Laptop modems morphing: Transitions in form and technology bring new competition


You’ve noticed that your father’s laptop card is giving way, in many cases, to sleeker-looking USB modems, with embedded modems increasingly popular as well.

That transition is merely emblematic of several changes sweeping the laptop modem space, according to analysts and the vendors themselves.

Despite continued growth in demand for laptop-based data services, that demand remains constrained somewhat by faster, more economical fixed-line alternatives, Wi-Fi connectivity, and the typical $60-per-month charge for mobile data, according to analyst Kitty Weldon at Current Analysis.

For now, however, it appears that the pros and cons of each choice will keep all them in the mix at carrier retail and B-to-B channels.

The anticipated impact of embedded modules, once thought by some to be immediate and pervasive, is likely to take some time, Weldon said. Phil Redman,

analyst at Gartner, pegged significant impacts by embedded modules for 2010.

Because external laptop cards and USB modems typically are subsidized by carriers, whose retail channels sell the vast majority of such units, they retain an advantage as embedded modems hit the market, according to Redman. Also, the ability to swap a card or USB modem from one laptop to another, or choose a carrier by dint of a card purchase rather than a laptop purchase, remains a key benefit of the older technologies, both analysts said. And external modems offer a less expensive way to keep up with the rising speed of networks, which changes faster than laptop replacement cycles, one vendor executive pointed out.

Meanwhile, the one-time mainstays of the laptop card business, at least in North America – Novatel Wireless and Sierra Wireless – are seeing that the ever-increasing demand for laptop-based data services has attracted formidable competition to the modem business. Both companies have seen what they characterize as short-term financial challenges as they adjust to the constantly shifting terrain. Both companies’ stocks are trading near their 52-week lows.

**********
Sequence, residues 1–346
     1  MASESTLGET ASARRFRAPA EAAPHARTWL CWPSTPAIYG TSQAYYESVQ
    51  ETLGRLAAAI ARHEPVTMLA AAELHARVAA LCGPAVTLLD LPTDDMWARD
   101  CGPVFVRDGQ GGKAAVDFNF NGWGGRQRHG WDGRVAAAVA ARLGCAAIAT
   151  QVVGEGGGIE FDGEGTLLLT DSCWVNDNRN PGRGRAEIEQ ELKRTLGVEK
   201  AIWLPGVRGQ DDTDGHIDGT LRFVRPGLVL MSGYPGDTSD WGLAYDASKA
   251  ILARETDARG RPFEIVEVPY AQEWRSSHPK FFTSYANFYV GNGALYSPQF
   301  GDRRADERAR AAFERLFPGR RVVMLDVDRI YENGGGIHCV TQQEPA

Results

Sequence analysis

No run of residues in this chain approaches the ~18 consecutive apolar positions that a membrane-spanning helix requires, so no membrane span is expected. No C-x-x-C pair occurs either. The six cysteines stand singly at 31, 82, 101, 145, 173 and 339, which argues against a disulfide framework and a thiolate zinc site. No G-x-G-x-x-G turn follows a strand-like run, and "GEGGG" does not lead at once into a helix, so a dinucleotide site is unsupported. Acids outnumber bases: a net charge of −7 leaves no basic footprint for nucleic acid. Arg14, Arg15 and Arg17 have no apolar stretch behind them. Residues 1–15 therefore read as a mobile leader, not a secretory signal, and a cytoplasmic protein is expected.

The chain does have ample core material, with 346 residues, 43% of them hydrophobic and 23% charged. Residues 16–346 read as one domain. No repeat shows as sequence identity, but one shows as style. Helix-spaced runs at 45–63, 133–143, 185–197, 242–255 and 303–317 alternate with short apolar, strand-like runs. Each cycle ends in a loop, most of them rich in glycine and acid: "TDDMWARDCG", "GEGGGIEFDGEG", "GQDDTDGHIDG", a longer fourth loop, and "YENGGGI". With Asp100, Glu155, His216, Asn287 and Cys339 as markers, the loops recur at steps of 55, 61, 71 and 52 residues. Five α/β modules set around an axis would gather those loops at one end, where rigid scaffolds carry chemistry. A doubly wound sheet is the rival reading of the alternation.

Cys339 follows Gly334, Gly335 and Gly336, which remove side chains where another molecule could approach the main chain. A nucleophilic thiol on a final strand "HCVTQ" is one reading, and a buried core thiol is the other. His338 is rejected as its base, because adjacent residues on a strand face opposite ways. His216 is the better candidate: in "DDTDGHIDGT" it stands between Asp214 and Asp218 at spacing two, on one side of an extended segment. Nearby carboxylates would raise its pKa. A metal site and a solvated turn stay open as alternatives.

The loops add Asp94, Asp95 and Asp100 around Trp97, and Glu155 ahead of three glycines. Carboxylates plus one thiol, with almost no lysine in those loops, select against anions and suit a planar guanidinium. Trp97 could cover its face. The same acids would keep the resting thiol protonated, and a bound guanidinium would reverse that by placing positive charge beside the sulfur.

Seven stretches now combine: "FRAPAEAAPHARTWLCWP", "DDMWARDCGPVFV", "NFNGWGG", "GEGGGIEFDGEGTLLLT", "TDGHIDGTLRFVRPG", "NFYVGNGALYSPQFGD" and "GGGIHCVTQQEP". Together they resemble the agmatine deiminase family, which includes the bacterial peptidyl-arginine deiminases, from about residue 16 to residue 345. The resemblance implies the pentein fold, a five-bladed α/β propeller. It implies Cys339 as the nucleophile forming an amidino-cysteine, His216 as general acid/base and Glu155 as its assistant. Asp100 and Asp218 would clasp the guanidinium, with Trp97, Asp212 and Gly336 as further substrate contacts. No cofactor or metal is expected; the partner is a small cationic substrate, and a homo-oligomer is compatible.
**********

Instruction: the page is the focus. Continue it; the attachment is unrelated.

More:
The international competition is particularly fierce in Europe as Huawei has claimed about 80% of the market by partnering with Vodafone Group plc, according to Brad Weinert, president of Novatel Wireless. (He spoke from London, hot on the trail of new customers.)

“That’s definitely a ‘bigger fish’ scenario,” Weinert said.

As the market’s size has jumped from under 5 million units globally in 2006 to an expected 10 million to 15 million units this year, more barracudas are in the water.

According to Greg Speakman, VP for marketing at Sierra Wireless’ laptop card and USB modem division, the competition falls into three categories.

The first category involves handset vendors that have developed a line of laptop modems, such as Pantech, which has made some inroads at Verizon Wireless, Speakman said. The second category includes companies that make both network infrastructure and handsets, such as Huawei, which have a possible pricing advantages based on scale and the breadth of their offerings. Then there are hundreds of small Korean and Chinese companies that focus on modems alone, such as Franklin Wireless in North America, according to Speakman.

“It’s challenging,” Speakman said. “We need to remain focused on our customers’ needs.”

That has meant following the trend from the stodgy-looking laptop card of old to the sleek and stylish USB modems that now dominate the market, according to Speakman. With companies roughly on par with each in terms of technology, Sierra Wireless, for instance, recognized that it had to focus as much energy on design and colors, materials and finishes to gain a differentiator at retail, not unlike in the handset business, Speakman said.

Sierra Wireless’ product mix is a good snapshot of the industry: its second-quarter revenue was based 62% on “adapters” – i.e., cards and USB modems, with the latter accounting for three-quarters of “adapter” revenue. Embedded modules accounted for 26% of revenue. (The remaining 5% came from the company’s new M2M business with its acquisition last year of AirLink Communications.)

Those proportions are roughly similar at Novatel Wireless, according to Weinert.

At some point in the next 12 to 18 months, the USB modem approach will clash with an increasing demand for embedded modules, Weinart said. And that will coincide with the advent of WiMAX- and LTE-based networks.

Meanwhile, Weinert said, Novatel Wireless’ focus is on executing its product rollouts during the next six months and preparing for battle down the road.


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